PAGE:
Fluorite

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Fluorite (also called fluorspar) is a halide mineral composed of calcium fluoride, CaF2. It is an isometric mineral with a cubic habit, though octahedral and more complex isometric forms are not uncommon. Crystal twinning is common and adds complexity to the observed crystal habits.

The word fluorite is derived from the Latin root fluo, meaning "to flow" because the mineral is used to increase the fluidity of slags used in smelting flux. This increase in fluidity is the result of the ionic nature of the mineral. The melting point of pure calcium fluoride is 1676 K. Fluorite gave its name to the phenomenon of fluorescence, which is prominent in fluorites from certain locations, due to certain impurities in the crystal. Fluorite also gave the name to its constitutive element fluorine.[2]

Contents

Occurrence

Fluorite may occur as a vein deposit, especially with metallic minerals, where it often forms a part of the gangue (the surrounding "host-rock" in which valuable minerals occur) and may be associated with galena, sphalerite, barite, quartz, and calcite. It is a common mineral in deposits of hydrothermal origin and has been noted as a primary mineral in granites and other igneous rocks and as a common minor constituent of dolostone and limestone.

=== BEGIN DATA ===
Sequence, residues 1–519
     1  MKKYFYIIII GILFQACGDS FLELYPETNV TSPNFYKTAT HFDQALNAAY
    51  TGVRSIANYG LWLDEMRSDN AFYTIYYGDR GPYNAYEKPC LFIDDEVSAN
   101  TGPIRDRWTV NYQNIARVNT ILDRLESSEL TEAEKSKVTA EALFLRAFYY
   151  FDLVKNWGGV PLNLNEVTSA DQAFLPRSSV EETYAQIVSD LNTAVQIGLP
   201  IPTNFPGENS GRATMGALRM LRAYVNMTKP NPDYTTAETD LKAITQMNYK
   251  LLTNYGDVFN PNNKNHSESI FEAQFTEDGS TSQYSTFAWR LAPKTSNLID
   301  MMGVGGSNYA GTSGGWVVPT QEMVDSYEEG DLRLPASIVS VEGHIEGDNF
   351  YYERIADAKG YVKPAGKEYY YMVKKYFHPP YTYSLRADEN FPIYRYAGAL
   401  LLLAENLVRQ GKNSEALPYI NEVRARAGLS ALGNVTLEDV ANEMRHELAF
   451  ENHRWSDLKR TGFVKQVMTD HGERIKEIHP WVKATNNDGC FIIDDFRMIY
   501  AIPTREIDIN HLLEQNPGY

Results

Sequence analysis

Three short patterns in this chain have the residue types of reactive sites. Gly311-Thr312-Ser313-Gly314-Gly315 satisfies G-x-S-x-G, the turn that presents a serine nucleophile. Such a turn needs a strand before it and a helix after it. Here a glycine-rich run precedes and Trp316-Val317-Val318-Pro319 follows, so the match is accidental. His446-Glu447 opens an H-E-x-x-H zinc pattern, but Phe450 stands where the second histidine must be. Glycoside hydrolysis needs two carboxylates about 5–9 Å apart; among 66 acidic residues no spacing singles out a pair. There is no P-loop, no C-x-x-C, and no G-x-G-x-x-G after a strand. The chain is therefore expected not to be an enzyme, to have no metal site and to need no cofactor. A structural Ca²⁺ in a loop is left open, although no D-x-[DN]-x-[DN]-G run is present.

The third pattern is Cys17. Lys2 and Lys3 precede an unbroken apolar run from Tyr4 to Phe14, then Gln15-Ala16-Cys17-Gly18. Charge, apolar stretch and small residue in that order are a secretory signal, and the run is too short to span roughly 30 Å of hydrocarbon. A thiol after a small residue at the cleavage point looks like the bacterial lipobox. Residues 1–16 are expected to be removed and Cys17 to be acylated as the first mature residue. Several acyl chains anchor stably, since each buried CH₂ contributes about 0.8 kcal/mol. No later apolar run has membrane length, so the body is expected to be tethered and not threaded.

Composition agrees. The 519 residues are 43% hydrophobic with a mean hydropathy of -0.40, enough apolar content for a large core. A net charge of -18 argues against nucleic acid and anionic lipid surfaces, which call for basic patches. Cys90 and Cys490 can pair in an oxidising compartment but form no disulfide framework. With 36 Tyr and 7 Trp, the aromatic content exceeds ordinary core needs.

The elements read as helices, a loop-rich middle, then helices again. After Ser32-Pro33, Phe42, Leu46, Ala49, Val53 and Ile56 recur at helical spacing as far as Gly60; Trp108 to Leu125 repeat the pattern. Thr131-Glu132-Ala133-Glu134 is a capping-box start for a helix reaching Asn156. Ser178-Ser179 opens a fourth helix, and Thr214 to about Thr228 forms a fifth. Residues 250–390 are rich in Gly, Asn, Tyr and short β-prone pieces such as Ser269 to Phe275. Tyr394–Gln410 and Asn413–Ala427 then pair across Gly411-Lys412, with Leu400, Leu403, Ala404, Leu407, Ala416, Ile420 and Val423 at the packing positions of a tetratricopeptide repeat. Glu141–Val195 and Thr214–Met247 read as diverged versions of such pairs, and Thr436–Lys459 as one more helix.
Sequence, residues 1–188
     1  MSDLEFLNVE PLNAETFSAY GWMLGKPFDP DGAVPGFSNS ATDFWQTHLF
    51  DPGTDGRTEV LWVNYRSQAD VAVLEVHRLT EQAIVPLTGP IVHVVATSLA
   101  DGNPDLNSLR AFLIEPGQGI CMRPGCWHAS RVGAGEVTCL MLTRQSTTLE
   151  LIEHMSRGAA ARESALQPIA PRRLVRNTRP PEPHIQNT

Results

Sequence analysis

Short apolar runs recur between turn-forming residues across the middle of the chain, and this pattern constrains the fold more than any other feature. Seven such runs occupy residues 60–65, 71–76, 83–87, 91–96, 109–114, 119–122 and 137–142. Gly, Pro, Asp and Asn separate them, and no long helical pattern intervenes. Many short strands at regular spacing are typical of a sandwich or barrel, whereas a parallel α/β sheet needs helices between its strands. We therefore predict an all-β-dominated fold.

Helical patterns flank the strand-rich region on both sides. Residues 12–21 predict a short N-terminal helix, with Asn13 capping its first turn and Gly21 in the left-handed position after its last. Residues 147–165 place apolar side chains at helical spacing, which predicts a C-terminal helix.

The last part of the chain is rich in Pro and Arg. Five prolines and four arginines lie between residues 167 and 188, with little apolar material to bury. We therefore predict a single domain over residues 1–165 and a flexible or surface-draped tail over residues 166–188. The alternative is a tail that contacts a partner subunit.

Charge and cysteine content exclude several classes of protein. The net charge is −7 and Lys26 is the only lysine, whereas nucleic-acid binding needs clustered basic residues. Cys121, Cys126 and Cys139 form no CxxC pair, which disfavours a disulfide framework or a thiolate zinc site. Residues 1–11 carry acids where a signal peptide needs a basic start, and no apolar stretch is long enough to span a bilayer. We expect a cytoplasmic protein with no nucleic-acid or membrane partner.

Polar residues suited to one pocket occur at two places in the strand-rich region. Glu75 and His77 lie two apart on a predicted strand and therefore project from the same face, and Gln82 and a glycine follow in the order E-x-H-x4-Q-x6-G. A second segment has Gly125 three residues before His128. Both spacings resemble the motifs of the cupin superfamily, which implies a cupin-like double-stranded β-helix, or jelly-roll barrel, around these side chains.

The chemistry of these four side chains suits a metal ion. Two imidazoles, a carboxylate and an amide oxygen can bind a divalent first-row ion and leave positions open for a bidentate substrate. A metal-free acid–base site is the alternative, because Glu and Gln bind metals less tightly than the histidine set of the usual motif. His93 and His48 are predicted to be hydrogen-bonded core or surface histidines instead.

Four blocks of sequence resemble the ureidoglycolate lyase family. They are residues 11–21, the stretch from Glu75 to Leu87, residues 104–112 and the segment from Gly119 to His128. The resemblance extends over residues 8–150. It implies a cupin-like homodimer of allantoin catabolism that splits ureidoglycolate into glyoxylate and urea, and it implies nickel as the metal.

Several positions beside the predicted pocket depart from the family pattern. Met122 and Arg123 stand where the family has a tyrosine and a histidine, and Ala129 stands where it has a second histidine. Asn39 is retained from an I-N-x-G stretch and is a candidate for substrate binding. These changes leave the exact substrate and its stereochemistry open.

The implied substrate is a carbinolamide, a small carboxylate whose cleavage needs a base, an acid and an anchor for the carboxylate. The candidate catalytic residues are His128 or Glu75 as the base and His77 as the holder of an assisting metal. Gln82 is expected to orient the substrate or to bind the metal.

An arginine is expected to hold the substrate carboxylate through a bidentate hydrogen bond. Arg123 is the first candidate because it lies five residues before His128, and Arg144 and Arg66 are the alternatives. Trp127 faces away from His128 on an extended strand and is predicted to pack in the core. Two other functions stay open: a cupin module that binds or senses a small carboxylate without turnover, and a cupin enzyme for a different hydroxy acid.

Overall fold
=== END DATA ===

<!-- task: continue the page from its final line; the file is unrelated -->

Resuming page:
Fluorite is a widely occurring mineral which is found in large deposits in many areas. Notable deposits occur in China, Germany, Austria, Switzerland, England, Norway, Mexico, and both Ontario and Newfoundland in Canada. Large deposits also occur in Kenya in the Kerio Valley area within the Great Rift Valley. In the United States, deposits are found in Missouri, Oklahoma, Illinois, Kentucky, Colorado, New Mexico, Arizona, Ohio, New Hampshire, New York, Alaska and Texas. Fluorite has been the state mineral of Illinois since 1965. At that time, Illinois was the largest producer of fluorite in the United States; however, the last Illinois mine closed in 1995.[5]

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